The OSI Model and the TCP/IP Protocol Suite. TCP/IP Protocol Suite 1

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1 The OSI Model and the TCP/IP Protocol Suite TCP/IP Protocol Suite 1

2 To discuss the idea of multiple layering in data communication and networking and the interrelationship between layers. To discuss the OSI model and its layer architecture and to show the interface between the layers. To briefly discuss the functions of each layer in the OSI model. To introduce the TCP/IP protocol suite and compare its layers with the ones in the OSI model. To show the functionality of each layer in the TCP/IP protocol with some examples. To discuss the addressing mechanism used in some layers of the TCP/IP protocol suite for the delivery of a message from the source to the destination. TCP/IP Protocol Suite 2

3 TCP/IP Protocol Suite 3

4 2-1 PROTOCOL LAYERS In Chapter 1, we discussed that a protocol is required when two entities need to communicate. When communication is not simple, we may divide the complex task of communication into several layers. In this case, we may need several protocols, one for each layer. Let us use a scenario in communication in which the role of protocol layering may be better understood. We use two examples. In the first example, communication is so simple that it can occur in only one layer. TCP/IP Protocol Suite 4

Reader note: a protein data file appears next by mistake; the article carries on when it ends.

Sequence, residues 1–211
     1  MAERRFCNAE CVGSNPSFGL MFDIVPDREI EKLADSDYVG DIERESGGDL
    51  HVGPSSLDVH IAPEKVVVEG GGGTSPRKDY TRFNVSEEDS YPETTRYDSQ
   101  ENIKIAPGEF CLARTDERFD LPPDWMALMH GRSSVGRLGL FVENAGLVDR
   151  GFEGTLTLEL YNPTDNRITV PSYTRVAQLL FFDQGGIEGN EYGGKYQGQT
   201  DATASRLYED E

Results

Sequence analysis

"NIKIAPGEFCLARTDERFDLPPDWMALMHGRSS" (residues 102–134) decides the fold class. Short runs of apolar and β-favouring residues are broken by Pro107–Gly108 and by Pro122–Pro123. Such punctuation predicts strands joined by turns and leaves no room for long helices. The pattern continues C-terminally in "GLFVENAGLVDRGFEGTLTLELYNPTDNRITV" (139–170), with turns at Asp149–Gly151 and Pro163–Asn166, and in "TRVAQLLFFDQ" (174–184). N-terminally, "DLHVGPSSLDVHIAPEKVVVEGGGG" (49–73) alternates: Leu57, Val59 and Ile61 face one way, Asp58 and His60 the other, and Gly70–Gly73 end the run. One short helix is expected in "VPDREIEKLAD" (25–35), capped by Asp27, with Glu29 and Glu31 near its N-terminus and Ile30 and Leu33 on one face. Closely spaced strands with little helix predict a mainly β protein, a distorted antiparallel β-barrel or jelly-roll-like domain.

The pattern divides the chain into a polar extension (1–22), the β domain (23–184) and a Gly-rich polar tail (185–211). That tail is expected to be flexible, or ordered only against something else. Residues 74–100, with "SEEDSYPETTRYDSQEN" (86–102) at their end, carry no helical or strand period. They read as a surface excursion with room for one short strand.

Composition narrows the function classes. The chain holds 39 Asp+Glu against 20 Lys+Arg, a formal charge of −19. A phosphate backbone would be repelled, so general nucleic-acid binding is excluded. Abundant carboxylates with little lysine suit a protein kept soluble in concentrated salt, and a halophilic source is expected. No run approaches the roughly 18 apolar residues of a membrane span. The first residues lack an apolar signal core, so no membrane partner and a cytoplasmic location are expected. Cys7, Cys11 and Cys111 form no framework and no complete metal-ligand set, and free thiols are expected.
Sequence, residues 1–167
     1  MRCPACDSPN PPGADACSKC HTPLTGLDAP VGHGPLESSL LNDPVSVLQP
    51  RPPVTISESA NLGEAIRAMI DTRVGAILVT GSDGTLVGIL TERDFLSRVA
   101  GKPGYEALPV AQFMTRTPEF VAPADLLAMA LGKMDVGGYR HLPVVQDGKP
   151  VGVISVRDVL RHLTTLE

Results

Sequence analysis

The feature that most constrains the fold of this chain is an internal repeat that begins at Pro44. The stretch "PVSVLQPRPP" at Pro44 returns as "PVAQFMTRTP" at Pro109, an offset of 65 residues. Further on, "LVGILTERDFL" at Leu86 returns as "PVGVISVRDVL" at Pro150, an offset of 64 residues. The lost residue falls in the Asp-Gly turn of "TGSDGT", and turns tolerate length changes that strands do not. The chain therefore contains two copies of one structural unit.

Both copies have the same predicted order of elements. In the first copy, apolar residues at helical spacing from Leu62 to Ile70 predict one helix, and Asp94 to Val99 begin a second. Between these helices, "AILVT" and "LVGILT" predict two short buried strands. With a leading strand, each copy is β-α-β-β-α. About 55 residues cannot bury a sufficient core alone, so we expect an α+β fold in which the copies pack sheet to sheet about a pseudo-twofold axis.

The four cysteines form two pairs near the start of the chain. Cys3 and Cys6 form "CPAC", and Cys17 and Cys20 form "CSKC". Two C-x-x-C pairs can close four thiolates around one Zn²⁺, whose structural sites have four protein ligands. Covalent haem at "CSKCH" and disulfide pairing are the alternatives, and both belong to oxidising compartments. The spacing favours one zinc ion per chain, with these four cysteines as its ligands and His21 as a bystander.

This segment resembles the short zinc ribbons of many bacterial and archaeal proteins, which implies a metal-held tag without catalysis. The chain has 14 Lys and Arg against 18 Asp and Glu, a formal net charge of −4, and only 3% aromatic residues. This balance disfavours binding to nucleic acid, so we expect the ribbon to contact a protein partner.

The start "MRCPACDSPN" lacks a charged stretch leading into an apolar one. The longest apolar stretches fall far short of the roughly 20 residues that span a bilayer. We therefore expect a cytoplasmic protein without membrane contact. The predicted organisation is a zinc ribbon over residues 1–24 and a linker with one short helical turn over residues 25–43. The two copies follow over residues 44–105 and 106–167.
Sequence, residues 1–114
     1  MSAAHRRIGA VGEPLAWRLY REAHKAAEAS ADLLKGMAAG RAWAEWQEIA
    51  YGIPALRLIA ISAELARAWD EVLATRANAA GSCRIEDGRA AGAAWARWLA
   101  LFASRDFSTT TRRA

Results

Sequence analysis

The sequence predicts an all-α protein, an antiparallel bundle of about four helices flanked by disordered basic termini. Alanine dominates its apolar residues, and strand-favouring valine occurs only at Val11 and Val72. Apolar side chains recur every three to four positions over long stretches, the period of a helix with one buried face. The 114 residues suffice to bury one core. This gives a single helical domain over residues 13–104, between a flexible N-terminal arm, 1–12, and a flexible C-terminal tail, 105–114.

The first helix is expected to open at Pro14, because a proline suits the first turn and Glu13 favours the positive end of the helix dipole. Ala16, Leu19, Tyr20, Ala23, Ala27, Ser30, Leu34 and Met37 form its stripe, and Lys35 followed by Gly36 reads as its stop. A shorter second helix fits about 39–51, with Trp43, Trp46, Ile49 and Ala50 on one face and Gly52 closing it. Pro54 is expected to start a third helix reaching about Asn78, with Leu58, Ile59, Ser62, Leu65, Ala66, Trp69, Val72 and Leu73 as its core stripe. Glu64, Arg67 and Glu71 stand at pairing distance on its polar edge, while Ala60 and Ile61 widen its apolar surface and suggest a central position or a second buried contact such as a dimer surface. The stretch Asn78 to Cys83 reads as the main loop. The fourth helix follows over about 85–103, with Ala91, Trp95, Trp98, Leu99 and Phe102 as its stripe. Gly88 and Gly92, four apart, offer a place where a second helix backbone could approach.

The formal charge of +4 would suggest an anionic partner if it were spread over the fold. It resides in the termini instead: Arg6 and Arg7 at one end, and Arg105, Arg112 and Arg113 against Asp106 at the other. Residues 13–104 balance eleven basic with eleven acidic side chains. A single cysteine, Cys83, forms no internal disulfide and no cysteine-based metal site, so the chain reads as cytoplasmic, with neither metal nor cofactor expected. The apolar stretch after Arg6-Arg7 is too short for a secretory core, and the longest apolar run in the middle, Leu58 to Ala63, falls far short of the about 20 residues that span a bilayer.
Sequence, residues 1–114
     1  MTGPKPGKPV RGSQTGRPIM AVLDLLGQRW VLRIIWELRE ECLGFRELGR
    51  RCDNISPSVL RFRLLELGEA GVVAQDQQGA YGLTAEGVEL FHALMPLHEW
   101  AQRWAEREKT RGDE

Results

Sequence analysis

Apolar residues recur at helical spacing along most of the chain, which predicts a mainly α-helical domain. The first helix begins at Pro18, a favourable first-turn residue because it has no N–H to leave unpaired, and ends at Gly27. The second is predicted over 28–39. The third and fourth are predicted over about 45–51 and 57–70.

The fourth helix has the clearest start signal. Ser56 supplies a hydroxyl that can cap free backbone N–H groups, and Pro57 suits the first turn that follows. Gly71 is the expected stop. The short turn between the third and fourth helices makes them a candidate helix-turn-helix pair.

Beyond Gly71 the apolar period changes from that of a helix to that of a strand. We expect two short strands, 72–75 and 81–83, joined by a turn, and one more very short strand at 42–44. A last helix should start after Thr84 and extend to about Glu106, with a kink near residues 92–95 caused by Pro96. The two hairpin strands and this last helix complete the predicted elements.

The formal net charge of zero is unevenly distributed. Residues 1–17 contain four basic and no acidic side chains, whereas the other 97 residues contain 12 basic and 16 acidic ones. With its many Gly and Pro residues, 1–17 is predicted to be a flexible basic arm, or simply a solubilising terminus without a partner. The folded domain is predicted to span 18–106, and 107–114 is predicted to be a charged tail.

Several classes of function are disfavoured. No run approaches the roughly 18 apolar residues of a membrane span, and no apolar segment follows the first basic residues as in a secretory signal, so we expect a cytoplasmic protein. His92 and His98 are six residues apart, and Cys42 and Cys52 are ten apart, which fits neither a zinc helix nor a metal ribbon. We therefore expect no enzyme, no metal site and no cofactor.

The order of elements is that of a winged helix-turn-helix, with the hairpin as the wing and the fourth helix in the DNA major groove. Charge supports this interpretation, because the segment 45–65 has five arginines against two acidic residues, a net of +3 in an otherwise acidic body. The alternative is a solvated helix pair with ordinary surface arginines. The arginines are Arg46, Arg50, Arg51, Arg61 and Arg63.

5 Hierarchy Services TCP/IP Protocol Suite 5

6 Assume Maria and Ann are neighbors with a lot of common ideas. However, Maria speaks only Spanish, and Ann speaks only English. Since both have learned the sign language in their childhood, they enjoy meeting in a cafe a couple of days per week and exchange their ideas using signs. Occasionally, they also use a bilingual dictionary. Communication is face to face and Happens in one layer as shown in Figure 2.1. TCP/IP Protocol Suite 6

7 Figure 2.1 Example 2.1 TCP/IP Protocol Suite 7

8 Now assume that Ann has to move to another town because of her job. Before she moves, the two meet for the last time in the same cafe. Although both are sad, Maria surprises Ann when she opens a packet that contains two small machines. The first machine can scan and transform a letter in English to a secret code or vice versa. The other machine can scan and translate a letter in Spanish to the same secret code or vice versa. Ann takes the first machine; Maria keeps the second one. The two friends can still communicate using the secret code, as shown in Figure 2.2. TCP/IP Protocol Suite 8